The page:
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Are millennials killing off the fry-up? One in five Britons under 30 claim they’ve NEVER even tried a Full English because it’s ‘unhealthy’

  • One in five British people under 30 have never tried a Full English breakfast
  • Millennials say they opt to not eat the traditional dish due to health concerns
  • Most young Brits would rather tuck into smoked salmon and scrambled eggs, smashed avocado on toast and oatmeal pancakes

The Full English breakfast could die out within a generation because almost one in five young people living in the UK have never eaten a fry-up.

Despite being a mainstay of British society since the Victorian era, a nationwide study has revealed 17 per cent of British people under 30 have never tucked into the greasy breakfast food.

Millennials are avoiding the traditional meal due to health concerns, with a fifth of 18 to 30-year-olds saying they associate the dish with heart attacks and obesity.

The majority would prefer to have smoked salmon and scrambled eggs, smashed avocado on toast or oatmeal pancakes for breakfast over the Full English.

Ellie Glason, Director of polling firm Ginger Research, who commissioned the study: ‘The results of our nationwide breakfast research suggest the full English could become a thing of the past, due to the health concerns of younger Britons.

‘In fact, according to the results, avocado, scrambled eggs, salmon and oatmeal pancakes are replacing the humble fry-up in the nation’s hearts.

‘The study found also that over half of young adults believe Britain is becoming more health conscious and shunning traditional English meals like fried breakfasts, bangers and mash and pie and chips.’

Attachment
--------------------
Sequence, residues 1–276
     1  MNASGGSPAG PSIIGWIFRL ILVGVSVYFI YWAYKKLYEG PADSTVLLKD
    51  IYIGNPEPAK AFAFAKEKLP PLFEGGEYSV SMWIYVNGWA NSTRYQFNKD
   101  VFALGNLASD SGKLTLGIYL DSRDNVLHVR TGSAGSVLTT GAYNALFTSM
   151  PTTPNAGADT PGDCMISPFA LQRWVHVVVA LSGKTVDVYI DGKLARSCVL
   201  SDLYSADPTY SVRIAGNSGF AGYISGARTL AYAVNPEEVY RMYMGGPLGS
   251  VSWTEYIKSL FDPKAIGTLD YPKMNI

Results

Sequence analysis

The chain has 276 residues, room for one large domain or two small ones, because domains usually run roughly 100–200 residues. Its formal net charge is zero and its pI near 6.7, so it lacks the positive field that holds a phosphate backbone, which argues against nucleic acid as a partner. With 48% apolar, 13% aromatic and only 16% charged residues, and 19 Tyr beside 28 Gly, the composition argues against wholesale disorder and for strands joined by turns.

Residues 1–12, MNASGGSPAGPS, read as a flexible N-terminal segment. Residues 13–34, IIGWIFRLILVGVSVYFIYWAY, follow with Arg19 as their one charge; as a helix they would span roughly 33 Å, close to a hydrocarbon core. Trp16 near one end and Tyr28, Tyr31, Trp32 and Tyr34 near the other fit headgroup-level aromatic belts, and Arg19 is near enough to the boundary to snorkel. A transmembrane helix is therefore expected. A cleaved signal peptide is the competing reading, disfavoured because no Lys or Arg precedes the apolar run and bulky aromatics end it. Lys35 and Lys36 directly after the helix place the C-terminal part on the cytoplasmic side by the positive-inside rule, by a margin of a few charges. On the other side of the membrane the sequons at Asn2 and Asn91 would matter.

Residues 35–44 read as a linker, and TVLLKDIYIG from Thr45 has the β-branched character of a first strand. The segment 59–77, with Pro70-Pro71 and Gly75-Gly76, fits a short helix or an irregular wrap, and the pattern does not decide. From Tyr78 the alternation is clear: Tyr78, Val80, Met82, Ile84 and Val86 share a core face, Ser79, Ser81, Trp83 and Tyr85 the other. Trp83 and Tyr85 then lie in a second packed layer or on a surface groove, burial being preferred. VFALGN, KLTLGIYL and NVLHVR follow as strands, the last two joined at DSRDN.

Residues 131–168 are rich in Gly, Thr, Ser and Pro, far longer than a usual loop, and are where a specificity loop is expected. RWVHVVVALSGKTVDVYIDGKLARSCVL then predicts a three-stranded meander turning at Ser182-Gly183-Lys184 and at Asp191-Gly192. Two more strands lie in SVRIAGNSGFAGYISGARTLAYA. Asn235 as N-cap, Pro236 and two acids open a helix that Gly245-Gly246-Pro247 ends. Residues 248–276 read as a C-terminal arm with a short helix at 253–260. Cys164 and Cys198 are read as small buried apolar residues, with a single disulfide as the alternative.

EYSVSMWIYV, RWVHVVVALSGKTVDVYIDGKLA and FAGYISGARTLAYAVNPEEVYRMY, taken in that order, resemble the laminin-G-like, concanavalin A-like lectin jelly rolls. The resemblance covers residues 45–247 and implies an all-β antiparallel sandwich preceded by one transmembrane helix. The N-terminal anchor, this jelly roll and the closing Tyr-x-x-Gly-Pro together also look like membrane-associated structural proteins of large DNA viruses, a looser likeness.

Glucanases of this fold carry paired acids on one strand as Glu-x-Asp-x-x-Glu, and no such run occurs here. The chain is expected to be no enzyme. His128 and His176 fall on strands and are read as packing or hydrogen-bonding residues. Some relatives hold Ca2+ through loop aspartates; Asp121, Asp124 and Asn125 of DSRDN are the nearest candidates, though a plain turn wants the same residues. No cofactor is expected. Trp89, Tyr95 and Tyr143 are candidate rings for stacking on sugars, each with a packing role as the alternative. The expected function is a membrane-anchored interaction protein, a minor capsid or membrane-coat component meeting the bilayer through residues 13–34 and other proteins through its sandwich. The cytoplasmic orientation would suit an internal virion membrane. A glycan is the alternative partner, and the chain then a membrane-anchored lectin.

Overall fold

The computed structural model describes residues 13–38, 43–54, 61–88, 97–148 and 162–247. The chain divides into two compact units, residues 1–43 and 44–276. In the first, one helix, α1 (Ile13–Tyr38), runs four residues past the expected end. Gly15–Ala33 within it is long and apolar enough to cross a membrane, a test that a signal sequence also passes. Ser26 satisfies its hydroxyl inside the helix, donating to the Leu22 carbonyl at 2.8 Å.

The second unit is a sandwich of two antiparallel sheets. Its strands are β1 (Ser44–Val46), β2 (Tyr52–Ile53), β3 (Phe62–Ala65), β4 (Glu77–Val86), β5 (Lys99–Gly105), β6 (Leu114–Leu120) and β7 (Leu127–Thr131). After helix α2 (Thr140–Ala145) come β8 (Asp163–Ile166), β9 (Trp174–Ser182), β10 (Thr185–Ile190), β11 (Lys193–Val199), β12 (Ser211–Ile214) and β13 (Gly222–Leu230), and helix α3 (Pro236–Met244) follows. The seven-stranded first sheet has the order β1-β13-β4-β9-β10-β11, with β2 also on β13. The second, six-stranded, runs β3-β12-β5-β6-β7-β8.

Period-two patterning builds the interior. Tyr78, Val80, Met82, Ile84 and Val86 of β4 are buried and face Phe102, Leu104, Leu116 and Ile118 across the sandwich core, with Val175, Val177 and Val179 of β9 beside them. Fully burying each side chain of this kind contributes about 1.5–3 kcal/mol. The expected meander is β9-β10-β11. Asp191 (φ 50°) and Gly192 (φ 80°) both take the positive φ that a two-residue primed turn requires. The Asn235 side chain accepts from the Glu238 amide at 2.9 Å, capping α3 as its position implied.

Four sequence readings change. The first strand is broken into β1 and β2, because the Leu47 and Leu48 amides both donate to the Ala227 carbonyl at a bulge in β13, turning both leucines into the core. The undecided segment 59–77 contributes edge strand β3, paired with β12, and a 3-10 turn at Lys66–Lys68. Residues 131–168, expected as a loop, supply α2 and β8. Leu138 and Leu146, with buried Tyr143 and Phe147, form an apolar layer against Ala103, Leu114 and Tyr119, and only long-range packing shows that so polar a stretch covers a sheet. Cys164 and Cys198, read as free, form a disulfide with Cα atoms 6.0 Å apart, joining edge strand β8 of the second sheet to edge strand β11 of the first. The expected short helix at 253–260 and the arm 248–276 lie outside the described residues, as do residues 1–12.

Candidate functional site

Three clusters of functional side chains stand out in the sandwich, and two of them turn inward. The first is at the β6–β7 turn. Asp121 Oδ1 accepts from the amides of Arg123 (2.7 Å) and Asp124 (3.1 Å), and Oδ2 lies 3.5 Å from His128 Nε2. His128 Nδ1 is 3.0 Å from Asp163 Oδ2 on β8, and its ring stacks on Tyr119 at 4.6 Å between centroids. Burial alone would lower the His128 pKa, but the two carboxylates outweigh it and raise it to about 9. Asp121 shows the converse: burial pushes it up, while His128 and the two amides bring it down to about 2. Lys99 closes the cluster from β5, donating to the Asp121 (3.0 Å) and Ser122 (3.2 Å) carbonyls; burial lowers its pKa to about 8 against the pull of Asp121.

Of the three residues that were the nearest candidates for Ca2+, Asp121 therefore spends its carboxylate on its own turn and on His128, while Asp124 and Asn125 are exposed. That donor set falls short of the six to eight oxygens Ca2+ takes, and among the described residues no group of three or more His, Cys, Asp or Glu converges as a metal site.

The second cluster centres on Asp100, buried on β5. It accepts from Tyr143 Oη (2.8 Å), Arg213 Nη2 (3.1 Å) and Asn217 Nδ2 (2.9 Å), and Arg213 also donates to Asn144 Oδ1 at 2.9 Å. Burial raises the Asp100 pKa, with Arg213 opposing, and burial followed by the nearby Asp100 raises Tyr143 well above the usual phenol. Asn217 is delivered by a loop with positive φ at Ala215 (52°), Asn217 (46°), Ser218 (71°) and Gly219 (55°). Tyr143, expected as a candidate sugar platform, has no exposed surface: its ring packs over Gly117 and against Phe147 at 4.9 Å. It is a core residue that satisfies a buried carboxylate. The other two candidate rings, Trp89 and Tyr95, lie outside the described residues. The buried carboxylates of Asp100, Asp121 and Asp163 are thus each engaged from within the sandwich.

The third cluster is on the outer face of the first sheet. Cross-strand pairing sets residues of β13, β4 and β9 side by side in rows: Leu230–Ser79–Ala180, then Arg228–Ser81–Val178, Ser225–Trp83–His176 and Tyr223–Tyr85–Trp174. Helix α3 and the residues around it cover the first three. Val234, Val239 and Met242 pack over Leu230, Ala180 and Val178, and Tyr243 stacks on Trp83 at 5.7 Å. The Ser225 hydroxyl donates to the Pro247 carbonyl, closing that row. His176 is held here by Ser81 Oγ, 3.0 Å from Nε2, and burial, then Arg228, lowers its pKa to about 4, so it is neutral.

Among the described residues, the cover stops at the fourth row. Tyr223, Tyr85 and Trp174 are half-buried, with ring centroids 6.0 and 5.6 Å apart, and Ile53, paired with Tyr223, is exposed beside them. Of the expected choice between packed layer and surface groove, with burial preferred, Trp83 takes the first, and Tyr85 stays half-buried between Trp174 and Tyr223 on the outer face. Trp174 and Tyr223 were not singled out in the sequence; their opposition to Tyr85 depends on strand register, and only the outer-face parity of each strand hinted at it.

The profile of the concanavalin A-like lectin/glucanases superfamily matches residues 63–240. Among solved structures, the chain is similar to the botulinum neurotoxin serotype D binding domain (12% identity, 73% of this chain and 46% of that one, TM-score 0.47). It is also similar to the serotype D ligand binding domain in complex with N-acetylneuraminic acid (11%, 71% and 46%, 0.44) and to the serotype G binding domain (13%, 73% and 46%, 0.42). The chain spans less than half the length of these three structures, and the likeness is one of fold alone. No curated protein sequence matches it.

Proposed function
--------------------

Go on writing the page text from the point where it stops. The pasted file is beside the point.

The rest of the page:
According to the English Breakfast Society, the ‘common’ full English breakfast consists of back bacon, eggs, British sausage, baked beans, fried tomato, fried mushrooms, black pudding and fried and toasted bread. This may depend on where in Britain you are.

The Full English breakfast dates back to the 1800’s when the Victorians made it the most important meal of the day, using it as an opportunity to display their wealth and hospitality.

However, it was soon adopted by the working classes of the industrial revolution who needed a hearty breakfast to give them the energy to work a full day of grinding manual labour.

The tradition spread until its peak in the 1950s when roughly half of the British population started their day with a Full English breakfast.


Why are younger diners avoiding the traditional fry up?

Seven in 10 young Brits would opt for smoked salmon and scrambled eggs, smashed avocado on toast or oatmeal pancakes for breakfast over the Full English. While one in twenty would rather tuck into a bowl of muesli.

When asked to rate how healthy the full English is on a scale of one to 10, with 10 being very unhealthy and 0 being extremely healthy, the average 18 to 30-year-old rated Full English at a seven.

Nearly a quarter believe it is too greasy, and 42 per cent said it reminded them of ‘men in vests hanging around in transport cafes’.

For a third it conjures up images of Brits abroad, and 29 per cent of the 2,000 people polled admit they ‘cringe’ when they see UK tourists tucking into a cooked breakfast.

Other aspects which put young Brits off are greasy bacon with 24 per cent saying they don’t like this, while eight per cent said lukewarm baked beans put them off six per cent said they wanted to avoid processed sausages.

Black pudding is the single most unappealing element, according to 27 per cent of millennials surveyed.